What's your advice for partnership leaders at early-stage companies?
When it comes to growing your partner business, it is important to support your partners. These partners are not there to serve you.
Instead, remember these are business owners or companies with their own strategic plans. They want to make a living or grow their company, and they have chosen you and your product to work with and offer to their customers.
If you do not support your partners and do not show them how they can make money by working with you, they will leave and find other ways to grow their business. Do not take partners for granted.
As you add partners, you need to scale up your sales enablement, partner sales support, and partner marketing.
In the early days of your program, many of these functions will be poorly defined, very haphazard, and not professionally developed. That's okay. But as you grow your program and partner base, it is essential to evolve your support and not neglect it. Yes, it is work, but it is an investment into the success of your partner program.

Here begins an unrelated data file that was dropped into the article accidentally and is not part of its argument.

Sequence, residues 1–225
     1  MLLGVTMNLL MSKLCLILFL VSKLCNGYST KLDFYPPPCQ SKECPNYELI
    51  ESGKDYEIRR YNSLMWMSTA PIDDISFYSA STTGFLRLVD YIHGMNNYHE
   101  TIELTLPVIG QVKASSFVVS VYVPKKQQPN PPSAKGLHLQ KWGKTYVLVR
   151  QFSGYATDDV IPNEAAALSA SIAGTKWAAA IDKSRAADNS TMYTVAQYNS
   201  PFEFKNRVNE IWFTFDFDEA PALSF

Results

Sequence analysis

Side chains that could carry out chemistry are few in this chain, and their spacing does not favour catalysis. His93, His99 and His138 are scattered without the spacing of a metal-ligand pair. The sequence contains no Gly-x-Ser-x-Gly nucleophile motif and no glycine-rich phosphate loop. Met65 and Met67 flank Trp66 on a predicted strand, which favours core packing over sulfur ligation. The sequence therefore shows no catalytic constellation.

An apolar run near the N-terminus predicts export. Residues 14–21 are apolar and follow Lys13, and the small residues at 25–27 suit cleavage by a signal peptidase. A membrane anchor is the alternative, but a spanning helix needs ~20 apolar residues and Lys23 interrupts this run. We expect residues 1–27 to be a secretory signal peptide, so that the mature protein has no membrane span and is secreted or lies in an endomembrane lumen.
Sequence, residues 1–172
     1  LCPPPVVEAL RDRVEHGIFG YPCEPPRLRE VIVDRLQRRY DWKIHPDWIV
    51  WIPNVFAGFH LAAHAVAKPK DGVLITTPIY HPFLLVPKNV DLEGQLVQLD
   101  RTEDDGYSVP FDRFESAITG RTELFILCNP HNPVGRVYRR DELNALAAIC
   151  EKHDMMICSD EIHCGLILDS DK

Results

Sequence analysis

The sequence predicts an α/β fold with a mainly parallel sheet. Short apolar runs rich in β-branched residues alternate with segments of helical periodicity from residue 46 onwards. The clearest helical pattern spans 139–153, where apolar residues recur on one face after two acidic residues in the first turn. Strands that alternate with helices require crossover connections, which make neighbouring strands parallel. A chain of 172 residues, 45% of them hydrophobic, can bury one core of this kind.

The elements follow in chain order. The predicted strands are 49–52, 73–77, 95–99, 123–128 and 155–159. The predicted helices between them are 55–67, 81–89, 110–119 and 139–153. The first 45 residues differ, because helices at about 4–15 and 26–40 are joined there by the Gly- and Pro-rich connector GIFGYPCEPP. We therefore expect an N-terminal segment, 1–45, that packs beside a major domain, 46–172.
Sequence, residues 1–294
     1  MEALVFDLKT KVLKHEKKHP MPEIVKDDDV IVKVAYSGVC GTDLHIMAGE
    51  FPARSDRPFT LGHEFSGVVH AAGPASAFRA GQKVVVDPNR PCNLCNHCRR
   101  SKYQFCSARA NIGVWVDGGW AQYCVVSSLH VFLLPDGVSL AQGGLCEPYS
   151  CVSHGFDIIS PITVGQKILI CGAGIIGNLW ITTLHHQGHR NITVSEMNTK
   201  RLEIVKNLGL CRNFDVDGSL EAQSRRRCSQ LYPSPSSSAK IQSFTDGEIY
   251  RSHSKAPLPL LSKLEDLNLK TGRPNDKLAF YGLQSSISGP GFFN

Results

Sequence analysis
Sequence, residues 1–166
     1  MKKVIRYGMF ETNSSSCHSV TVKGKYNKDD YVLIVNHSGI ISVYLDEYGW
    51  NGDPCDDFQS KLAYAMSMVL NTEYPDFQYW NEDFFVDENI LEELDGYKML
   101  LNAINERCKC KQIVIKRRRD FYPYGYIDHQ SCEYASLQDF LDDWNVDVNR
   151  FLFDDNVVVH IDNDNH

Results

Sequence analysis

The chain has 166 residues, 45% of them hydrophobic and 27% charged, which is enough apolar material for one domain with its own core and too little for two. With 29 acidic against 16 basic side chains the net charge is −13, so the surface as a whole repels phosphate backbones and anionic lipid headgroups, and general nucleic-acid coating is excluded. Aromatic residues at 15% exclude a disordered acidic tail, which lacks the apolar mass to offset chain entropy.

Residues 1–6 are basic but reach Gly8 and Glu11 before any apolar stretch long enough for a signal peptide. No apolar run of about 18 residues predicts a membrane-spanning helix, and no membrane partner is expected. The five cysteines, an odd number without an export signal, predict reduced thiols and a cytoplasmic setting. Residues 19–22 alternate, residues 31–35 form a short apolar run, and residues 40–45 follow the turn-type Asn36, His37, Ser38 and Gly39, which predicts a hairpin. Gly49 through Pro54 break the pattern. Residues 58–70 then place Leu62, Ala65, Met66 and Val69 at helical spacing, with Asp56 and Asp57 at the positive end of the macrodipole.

What are some lessons you have learned from partnerships that failed?
The truth is many partnerships go wrong. A lot of relationships are not executed well.
I see so many companies that fundamentally do not understand the mechanics of a relationship or why they have a partnership in the first place. Usually, the partner leader has poorly designed objectives, usually brought on by misaligned expectations from their CEO or executive leaders.
How do you solve this?